Leftover Women: An Analysis

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In the past decade, the castigation of “leftover women,” referring to educated, professional Chinese women who haven't gotten married by the age of 27, have been getting increasingly stronger. In this paper, my central argument is that this stigmatization of single women, constructed by the state to specifically achieve its goals of social stability by promoting marriage, was permeated into multiple facets of women's life and becomes a three-dimensional form of power that transforms women in a way that they go against their own interests and behave as the state wish without coercion (Lukes, 1974). My paper is structured in the following way: I will examine how three social forces, cultural norms, media, and parents, exert power on "leftover…show more content…
I will draw on Confucianism's views on gender hierarchy, media's depiction of leftover women, and the power dynamic between parents and their leftover daughters to verify my arguments. My motivation of this research lies in understanding how women's personal agency in their decision on marriage is gradually erased, or in some cases disappears completely, by the influence of various social forces.

In Chinese patriarchal culture, women's identities are defined by their roles in family relationships such as good mothers and obedient wives, and leftover women are castigated against because they don't fulfill these roles, which harms the stability of society. The Chinese femininity in the present is largely influenced by traditional Chinese culture. For thousands of years, Confucianism has served as an ideological and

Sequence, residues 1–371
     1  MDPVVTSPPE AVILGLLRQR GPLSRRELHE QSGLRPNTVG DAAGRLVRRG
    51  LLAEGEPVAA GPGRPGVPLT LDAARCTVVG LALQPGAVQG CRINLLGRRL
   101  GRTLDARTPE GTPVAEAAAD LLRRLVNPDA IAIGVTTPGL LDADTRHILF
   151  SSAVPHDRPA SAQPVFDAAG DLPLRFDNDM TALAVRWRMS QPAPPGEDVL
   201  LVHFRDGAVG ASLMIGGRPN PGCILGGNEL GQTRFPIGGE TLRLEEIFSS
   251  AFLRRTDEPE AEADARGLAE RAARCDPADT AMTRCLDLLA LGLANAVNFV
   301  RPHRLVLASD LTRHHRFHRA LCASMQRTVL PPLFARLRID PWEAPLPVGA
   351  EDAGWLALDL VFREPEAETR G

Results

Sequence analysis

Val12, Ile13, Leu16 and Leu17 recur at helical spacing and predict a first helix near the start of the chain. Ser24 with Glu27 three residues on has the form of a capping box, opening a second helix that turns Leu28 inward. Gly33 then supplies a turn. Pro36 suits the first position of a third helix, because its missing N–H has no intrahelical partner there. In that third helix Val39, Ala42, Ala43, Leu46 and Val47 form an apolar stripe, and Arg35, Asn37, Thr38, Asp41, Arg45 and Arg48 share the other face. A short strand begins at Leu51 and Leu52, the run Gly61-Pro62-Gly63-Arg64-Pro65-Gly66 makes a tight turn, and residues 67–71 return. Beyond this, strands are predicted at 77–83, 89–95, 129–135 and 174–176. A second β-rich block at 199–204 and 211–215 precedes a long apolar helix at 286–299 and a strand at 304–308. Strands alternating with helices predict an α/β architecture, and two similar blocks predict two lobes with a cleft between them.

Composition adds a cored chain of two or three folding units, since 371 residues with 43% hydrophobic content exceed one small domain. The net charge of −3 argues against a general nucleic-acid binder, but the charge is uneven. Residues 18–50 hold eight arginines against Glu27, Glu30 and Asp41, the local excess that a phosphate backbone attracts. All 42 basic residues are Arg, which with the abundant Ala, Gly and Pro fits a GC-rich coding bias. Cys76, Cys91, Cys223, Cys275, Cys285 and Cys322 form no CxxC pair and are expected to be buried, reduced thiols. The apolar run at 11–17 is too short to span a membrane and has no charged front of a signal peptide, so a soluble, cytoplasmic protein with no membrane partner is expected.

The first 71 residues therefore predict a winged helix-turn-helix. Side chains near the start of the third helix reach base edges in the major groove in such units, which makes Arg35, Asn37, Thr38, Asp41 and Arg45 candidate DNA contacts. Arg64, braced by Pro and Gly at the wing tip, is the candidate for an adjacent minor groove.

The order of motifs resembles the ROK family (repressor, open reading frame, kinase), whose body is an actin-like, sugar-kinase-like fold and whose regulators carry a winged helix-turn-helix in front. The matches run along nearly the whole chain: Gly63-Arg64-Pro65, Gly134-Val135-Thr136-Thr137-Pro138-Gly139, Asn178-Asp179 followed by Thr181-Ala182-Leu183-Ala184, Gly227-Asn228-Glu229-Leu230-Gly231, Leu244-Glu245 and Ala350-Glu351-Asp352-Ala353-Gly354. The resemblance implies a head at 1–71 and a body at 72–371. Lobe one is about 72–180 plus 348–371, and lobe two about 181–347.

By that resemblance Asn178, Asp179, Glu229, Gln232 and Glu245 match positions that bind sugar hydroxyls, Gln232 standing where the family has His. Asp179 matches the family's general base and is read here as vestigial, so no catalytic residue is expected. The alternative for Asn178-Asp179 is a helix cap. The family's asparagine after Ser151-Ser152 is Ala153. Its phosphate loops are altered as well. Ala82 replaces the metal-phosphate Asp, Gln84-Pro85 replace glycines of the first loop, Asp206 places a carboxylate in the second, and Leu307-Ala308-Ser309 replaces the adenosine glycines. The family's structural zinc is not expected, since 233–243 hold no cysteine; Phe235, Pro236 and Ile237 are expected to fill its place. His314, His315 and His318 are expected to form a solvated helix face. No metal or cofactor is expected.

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The media simultaneously uses the mechanisms of ridicule and persuasion, subtle yet very potent means of control (Berger, 1963). The ubiquitous presence of this message makes women internalize it and gradually give up their personal agency in the process. First, media creates a sense of anxiety within women by ridicule: portraying single, educated, urban women in a derogatory way. The image of "leftover women" is always depicted as too smart, nerdy and thus frightening to attract men. For example, one popular cartoon shows a woman with a birthday cake showing the giant number 27 in melting candles. The woman, who is wearing thick-rimmed glasses to indicate her high education, contorts her face in frustration (Hahn and Elshult, 2016). Women who see this image will worry about themselves and seek a way to avoid being anything like
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